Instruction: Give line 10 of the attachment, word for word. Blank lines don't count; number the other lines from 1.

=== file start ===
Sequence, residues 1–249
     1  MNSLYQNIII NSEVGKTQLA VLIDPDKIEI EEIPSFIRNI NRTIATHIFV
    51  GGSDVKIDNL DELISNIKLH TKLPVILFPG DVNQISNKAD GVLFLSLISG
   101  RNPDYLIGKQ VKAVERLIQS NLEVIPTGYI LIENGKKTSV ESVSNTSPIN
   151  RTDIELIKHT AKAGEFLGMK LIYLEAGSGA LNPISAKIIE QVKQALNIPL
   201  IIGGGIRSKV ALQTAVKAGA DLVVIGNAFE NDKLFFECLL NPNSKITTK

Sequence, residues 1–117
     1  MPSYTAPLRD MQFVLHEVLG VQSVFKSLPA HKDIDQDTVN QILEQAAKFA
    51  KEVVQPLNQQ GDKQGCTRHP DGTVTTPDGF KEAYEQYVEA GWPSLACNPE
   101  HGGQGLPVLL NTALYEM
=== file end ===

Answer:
   101  HGGQGLPVLL NTALYEM